Curious about your health? Run the numbers with a little help from your doctor, of course.
Math and health care go hand-in-hand with measurements related to your blood pressure, body mass index and cholesterol providing an overall picture of your health, according to BlueHealth Advantage.
By knowing your numbers and their potential impact, you and your doctor can monitor and take charge of your health status.
Read Blue Cross and Blue Shield of Nebraska’s (BCBSNE) know your numbers series to learn more about your measurements. Part two begins here.
What is cholesterol?
Cholesterol is a waxy, fat-like substance your body needs and produces naturally. It’s also found in some foods, like eggs. Serving a variety of purposes, your body uses cholesterol to make hormones, Vitamin D and substances to help you digest food.
Cholesterol travels through your bloodstream in lipoproteins, which are small packages made of fat and protein. Your body uses two kinds of lipoproteins:
• Low Density Lipoprotein (LDL), which is often called bad cholesterol because it can lead to buildup in your arteries.
• High Density Lipoprotein (HDL) – or good cholesterol, which carries cholesterol to the liver to be removed from your body.
While you need a combination of LDL and HDL, the higher your HDL level, the lower your chance of having heart disease.
Why balance matters
Too much cholesterol in your blood causes plaque to build up in your arteries, which can cause your arteries to narrow. When it affects your coronary arteries:
1. Blood flow to your heart can slow down or stop.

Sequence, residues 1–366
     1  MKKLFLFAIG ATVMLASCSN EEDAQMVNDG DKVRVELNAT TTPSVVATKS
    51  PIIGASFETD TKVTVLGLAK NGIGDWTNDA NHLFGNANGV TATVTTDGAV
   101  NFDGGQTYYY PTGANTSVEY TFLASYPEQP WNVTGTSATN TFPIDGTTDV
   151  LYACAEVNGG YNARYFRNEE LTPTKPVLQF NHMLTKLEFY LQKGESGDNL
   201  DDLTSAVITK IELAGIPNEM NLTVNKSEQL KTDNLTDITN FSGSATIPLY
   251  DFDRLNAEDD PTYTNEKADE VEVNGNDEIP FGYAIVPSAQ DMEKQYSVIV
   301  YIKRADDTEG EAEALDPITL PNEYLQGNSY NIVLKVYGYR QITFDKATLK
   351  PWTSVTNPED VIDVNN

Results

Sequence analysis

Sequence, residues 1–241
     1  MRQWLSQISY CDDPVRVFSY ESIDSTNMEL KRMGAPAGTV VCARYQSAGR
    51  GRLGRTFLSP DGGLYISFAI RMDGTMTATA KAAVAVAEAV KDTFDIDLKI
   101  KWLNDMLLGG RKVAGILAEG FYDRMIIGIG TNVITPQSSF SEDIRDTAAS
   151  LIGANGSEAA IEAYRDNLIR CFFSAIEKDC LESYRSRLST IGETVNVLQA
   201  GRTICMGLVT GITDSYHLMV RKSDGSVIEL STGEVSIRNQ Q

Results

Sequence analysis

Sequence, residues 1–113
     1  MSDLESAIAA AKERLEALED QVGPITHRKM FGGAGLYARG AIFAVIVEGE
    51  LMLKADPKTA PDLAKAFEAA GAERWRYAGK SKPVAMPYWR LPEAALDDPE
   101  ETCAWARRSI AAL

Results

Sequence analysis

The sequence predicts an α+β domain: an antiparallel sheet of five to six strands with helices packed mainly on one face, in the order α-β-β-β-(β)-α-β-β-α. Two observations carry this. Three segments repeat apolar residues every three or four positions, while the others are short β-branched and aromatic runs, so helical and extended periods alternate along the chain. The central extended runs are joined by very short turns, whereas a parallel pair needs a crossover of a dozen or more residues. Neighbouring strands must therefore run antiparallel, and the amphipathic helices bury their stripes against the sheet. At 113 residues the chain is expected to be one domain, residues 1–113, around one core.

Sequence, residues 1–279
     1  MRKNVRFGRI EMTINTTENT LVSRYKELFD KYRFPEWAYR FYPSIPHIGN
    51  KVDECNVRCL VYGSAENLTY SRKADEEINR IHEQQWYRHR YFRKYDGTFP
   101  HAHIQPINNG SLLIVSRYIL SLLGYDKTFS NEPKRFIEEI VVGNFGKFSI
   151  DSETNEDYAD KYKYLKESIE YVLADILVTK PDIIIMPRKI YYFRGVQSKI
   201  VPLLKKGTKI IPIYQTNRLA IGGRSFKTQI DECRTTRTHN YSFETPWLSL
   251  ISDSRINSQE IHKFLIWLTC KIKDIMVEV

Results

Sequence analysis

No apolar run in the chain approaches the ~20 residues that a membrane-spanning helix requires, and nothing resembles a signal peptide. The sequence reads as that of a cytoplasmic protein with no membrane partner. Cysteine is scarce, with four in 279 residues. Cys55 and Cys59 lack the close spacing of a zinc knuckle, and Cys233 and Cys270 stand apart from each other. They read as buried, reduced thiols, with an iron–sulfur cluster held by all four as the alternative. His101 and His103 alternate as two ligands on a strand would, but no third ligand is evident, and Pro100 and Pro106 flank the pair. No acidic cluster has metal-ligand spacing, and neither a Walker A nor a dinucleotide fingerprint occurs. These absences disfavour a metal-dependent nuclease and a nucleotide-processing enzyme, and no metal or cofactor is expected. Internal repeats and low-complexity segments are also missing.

2. The amount of oxygen-carrying blood decreases.
This results in coronary artery disease. Plaque can cause additional health problems, including:
• Angina, which occurs when large plaque leads to chest pain.
• Blood clots caused by the rupture of a thin covering on some plaques, releasing fat and cholesterol into the bloodstream, which may block blood flow and cause a heart attack.
Fortunately, you can lower your risk for the above conditions by lowering your cholesterol level to slow down, reduce or even stop plaque buildup.
Causes you can and cannot control
A variety of factors affect your cholesterol levels, including:
• Causes you can control, such as diet, weight and activity level.
• Causes you cannot control, like heredity and age.
Everyone over 20 should have their cholesterol levels checked at least once every five years. Talk to your doctor to discuss how often you should get checked.
Diagnosis and treatment
High cholesterol usually comes with no symptoms. Your doctor makes a diagnosis by checking the levels of cholesterol in your blood through a lipoprotein test, which provides information about your:
- Total cholesterol.
- LDL and HDL levels.
- Triglycerides, which are another form of fat in your blood.
Most people fast nine to 12 hours before the test. If you’re unable to have a lipoprotein profile done, other tests are available.
Stay tuned for additional know your numbers coverage.
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